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Cuzco (11,000ft) was the last stop on our itinerary, then, and with the exception of Chinchero, was also the highest spot.  The dry sinuses and slight breathlessness had become the norm by then and we’d got used to doing what we could to manage it all.  We were still taking it slowly, still found climbing stairs more of an effort than usual and were still drinking bottle after bottle of water.  The relief of having escaped the altitude sickness was enormous but the prospect of descending to a more comfortable level was the best of all.  Our hotel offered an increased oxygen supply to our room via the air conditioning, but having got this far, we didn’t take them up on it. 

I referred to my toothpaste in an earlier blog post.  Of course, the expansion of all bottles and tubes in our bags continued throughout the week and opening anything for the first time had to be done with caution.  On returning home, the reverse happened and we discovered every tube and bottle had squeezed in on itself.  Nothing could beat the feeling of waking up with a clear nose and no headache, though.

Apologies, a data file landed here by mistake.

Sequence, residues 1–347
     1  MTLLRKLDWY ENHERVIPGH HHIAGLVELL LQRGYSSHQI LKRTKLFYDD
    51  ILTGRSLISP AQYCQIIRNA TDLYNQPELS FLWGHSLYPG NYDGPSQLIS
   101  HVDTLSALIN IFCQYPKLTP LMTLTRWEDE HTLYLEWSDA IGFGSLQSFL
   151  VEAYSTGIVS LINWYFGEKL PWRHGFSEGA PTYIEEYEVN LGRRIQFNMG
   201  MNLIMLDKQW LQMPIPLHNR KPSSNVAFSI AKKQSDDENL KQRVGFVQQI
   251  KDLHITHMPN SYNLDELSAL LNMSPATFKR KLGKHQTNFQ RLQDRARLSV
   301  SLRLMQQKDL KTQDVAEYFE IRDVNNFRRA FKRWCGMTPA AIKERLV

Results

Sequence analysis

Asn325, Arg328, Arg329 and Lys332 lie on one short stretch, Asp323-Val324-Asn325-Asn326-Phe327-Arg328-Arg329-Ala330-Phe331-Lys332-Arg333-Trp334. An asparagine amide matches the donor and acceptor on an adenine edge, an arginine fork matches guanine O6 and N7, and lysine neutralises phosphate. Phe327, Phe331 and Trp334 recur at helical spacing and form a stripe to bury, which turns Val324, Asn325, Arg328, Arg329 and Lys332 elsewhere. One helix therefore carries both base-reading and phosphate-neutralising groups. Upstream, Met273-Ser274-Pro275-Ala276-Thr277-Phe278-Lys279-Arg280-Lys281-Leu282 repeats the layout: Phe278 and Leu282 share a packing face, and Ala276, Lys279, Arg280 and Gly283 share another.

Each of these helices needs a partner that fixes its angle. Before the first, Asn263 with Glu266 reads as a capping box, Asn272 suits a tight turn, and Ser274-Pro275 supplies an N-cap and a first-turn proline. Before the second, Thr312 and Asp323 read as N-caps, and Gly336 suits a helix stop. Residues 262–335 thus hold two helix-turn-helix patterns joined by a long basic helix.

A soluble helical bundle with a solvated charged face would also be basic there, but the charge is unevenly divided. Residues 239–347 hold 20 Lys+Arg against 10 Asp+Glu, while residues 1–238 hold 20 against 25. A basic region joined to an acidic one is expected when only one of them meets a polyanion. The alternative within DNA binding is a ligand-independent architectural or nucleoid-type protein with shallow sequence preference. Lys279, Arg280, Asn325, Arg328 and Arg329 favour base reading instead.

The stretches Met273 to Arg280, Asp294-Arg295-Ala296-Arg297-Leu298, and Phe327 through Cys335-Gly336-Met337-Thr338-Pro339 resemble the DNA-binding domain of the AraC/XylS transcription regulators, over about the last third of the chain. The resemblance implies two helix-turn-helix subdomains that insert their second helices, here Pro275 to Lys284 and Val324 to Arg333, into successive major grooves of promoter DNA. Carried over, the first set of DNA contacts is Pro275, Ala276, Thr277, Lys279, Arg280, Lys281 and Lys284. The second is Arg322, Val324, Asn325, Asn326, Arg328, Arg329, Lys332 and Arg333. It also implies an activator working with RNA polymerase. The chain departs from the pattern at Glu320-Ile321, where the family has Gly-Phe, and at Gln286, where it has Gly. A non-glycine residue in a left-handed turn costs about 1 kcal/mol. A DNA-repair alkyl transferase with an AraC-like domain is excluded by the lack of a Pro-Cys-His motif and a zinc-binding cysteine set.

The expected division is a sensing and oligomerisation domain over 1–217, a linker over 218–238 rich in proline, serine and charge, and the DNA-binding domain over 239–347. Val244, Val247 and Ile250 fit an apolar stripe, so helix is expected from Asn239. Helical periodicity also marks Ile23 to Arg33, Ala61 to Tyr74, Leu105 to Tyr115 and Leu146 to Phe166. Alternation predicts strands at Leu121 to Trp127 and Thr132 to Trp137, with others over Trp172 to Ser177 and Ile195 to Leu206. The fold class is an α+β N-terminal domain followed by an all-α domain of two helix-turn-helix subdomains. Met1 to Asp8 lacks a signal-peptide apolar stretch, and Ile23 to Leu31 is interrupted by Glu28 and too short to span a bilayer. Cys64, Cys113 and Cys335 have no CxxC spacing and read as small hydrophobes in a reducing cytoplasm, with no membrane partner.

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Lessons learned?  That we were right to take the potential of altitude sickness seriously but that it’s possible to lessen the risk by taking time to acclimatise.  Who knows if we’d have been ok regardless?  But having invested so much in terms of time, effort and money to get to Peru, it just had to be worth taking a few more days to minimise the chances of being too ill to see what we’d come all that way for.

The effects vanished almost as soon as we touched down in Lima.  The photo of the yarn hanging above was taken in the lobby of the airport hotel where we spent the afternoon sitting in comfortable armchairs and noticing that for the first time in a week, we weren’t thirsty.

We celebrated with a Cusquena beer each!

pWhat was in the bag?

Hotel Art